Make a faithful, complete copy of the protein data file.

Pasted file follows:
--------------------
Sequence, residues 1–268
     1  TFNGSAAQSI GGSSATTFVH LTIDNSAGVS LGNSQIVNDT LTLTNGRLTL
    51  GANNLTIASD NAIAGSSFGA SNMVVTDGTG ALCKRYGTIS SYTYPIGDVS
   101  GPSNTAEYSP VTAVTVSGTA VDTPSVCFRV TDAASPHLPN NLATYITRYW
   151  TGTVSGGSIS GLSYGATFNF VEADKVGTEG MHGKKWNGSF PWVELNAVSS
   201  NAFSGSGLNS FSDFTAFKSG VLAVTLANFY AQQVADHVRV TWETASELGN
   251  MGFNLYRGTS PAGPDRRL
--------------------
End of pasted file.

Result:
Sequence, residues 1–268
     1  TFNGSAAQSI GGSSATTFVH LTIDNSAGVS LGNSQIVNDT LTLTNGRLTL
    51  GANNLTIASD NAIAGSSFGA SNMVVTDGTG ALCKRYGTIS SYTYPIGDVS
   101  GPSNTAEYSP VTAVTVSGTA VDTPSVCFRV TDAASPHLPN NLATYITRYW
   151  TGTVSGGSIS GLSYGATFNF VEADKVGTEG MHGKKWNGSF PWVELNAVSS
   201  NAFSGSGLNS FSDFTAFKSG VLAVTLANFY AQQVADHVRV TWETASELGN
   251  MGFNLYRGTS PAGPDRRL